Nation’s Largest Film Festival Devoted to Architecture and Design returns to Museum in February 2019
WASHINGTON, D.C.—The National Building Museum will once again partner with the Architecture & Design Film Festival to produce the festival in Washington, D.C. (ADFF: D.C.), presented with the Revada Foundation. ADFF is the nation’s largest film festival devoted to the creative spirit that drives architecture and design. Over the course of four days, the festival will screen films that explore design and its connection to issues of social justice, diversity, technology, and equity, through the life and work of practitioners like Frank Gehry, Mies van der Rohe, Leslie Robertson, Renzo Piano, and Francis Keré. ADFF D.C. begins with an Opening Night celebration and D.C. premiere of Frank Gehry: Building Justice on the evening of Thursday, February 21, 2019. The festival runs through Sunday, February 24, 2019.
The National Building Museum will be the venue for all films and hosts screenings in three separate theaters, including one in the Museum’s iconic Great Hall. New this year will be two festival lounges showing films from the 2018 AIA Film Challenge on a Sony short throw screen, as well as a Sony Home Theater, an intimate fourteen-seat venue that will showcase six different short films on the half hour throughout the festival.
Full schedules and ticketing information is forthcoming and will be detailed at go.nbm.org/ADFF. Feature film highlights of ADFF D.C. include:
Frank Gehry: Building Justice
Director: Ultan Guilfoyle
2018 / 70 min / USA
Frank Gehry: Building Justice follows architect Frank Gehry’s investigation into prison design in the United States. Gehry, at the invitation of George Soros and his Open Society Foundation, forms two “master studios” of the top architecture students in the country, from SCI-Arc in Los Angeles and the Yale School of Architecture. In collaboration with Susan Burton of the New Way of Life Reentry Project in Compton, California, Gehry and his students explore all aspects of prison design, witnessing how design flaws negatively affect those incarcerated.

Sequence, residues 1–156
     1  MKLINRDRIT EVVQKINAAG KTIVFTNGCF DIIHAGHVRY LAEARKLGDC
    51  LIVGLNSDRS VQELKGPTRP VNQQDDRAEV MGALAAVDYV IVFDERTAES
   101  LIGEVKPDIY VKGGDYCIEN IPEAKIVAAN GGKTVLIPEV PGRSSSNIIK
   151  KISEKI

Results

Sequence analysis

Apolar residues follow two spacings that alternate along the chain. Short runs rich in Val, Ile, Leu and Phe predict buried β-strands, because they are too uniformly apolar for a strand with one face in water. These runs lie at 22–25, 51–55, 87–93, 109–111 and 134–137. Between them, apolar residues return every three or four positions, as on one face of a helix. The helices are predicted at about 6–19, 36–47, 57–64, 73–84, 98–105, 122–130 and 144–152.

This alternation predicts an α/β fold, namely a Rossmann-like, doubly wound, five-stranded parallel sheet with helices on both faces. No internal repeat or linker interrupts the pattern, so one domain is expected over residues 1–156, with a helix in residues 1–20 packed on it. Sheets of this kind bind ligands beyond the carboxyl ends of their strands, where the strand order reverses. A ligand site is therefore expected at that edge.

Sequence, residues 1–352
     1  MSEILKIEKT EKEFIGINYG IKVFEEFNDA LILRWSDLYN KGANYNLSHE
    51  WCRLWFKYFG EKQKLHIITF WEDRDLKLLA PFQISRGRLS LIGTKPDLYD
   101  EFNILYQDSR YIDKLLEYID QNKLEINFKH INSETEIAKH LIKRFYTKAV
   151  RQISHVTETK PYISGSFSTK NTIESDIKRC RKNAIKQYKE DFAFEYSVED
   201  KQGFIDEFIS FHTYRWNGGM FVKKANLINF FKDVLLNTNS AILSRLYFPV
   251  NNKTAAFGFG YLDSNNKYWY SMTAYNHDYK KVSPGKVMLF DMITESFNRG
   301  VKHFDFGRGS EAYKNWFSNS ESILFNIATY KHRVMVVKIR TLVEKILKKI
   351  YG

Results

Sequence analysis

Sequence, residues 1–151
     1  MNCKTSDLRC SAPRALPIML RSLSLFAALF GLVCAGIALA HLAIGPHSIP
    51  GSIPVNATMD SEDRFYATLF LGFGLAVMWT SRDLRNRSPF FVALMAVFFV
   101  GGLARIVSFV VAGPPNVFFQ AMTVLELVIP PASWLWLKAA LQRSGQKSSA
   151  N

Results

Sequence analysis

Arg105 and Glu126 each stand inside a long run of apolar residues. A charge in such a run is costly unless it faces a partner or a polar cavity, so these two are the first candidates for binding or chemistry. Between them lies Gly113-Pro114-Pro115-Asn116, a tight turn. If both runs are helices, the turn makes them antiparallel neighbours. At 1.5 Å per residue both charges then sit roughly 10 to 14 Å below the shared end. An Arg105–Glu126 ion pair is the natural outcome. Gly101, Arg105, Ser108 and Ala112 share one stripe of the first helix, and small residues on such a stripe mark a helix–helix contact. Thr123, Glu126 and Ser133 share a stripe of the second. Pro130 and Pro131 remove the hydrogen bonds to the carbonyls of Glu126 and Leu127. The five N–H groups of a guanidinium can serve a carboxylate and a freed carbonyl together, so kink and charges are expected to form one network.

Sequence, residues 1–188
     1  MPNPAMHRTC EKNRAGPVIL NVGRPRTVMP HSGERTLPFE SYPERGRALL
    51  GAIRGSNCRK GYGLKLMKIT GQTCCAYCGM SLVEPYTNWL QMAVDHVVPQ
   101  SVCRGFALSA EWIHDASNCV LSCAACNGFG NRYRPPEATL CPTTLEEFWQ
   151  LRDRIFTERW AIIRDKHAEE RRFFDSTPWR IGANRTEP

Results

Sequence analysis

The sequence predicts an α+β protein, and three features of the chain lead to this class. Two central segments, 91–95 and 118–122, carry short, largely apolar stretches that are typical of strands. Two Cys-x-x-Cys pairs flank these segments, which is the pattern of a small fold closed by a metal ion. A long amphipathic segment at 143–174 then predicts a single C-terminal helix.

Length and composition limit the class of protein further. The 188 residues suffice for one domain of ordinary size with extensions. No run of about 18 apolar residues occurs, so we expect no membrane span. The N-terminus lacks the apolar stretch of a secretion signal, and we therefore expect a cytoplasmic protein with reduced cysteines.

Directors: Basia and Leonard Myszynski
2018 / 59 min / USA
This is the story of Leslie Robertson, the lead structural engineer of the World Trade Center. Robertson oversaw the construction of the tallest building on the planet—and is haunted by its collapse and the events of September 11, 2001.
Driven by Robertson’s pacifism and activism, as well as a powerful collaboration with engineer SawTeen See, LEANING OUT showcases the innovation of the Twin Towers and takes a deeper look into the buildings that symbolize so much.
Renzo Piano: The Architect of Light
Director: Carlos Saura
2018 / 65 min / Spain
Celebrated Spanish director Carlos Saura captures the genius of one of the most famous Italian architects in the world: Renzo Piano, whose designs include the Center Pompidou in Paris, Francem the Auditorium Parco della Musica in Rome, Italy and The New York Times Building in New York City, New York. Saura follows Piano during the design of the Botín Center in Santander, Spain, examining his creative process.
Director: Premjit Ramachandran
2009 / 74 min / India
In a career spanning almost 70 years, the work of architect Balkrishna Doshi, who received the Pritzker Prize in 2018, has mirrored the evolution of contemporary Indian architecture. Doshi’s first job under the French architect Le Corbusier (who designed the Indian city Chandigarh) had a profound impact on him but he has often sought to interpret Corbusier’s modernism through local conditions of site, climate, and available technology.
Barbara Stauffacher Solomon: Visions Not Previously Seen
Director: Christian Bruno, Kurt Keppeler, and Natalija Vekic
2018 / 15 min / USA
Sony Home Theater
This short documentary portrait highlights Barbara Stauffacher Solomon, a groundbreaking designer who fused Swiss modernism with an iconic and bold California pop aesthetic to create the design phenomena known as Supergraphics.
“We are thrilled to return to the National Building Museum for a second year,” said Kyle Bergman, ADFF founder. “The sheer grandeur of the great hall not only provides an amazing backdrop, it gets to the heart of what ADFF is about: a celebration of the built environment.”
ADFF: D.C. is made possible by The Revada Foundation of the Logan Family.
Film stills and images from ADFF: D.C. 2018 available at go.nbm.org/ADFFDCpress.
The National Building Museum inspires curiosity about the world we design and build. We believe that understanding the history and impact of architecture, engineering, landscape architecture, construction, and design is important for all ages. Through exhibitions and educational programs, we show how the built world has power to shape our lives, communities, and futures. Public inquiries: 202.272.2448 or visit www.nbm.org. Connect with us on Twitter, Facebook, and Instagram.
Founded in 2009, the Architecture & Design Film Festival celebrates the creative spirit that drives architecture and design. Through a curated selection of films, events, and panel discussions, ADFF creates an opportunity to educate, entertain, and engage all types of people who are excited about architecture and design. It has grown into the nation’s largest film festival devoted to the subject with an annual festival in New York and satellite events around the world. For more information, visit www.adfilmfest.com or @ADFILMFEST on Facebook, Twitter, and Instagram.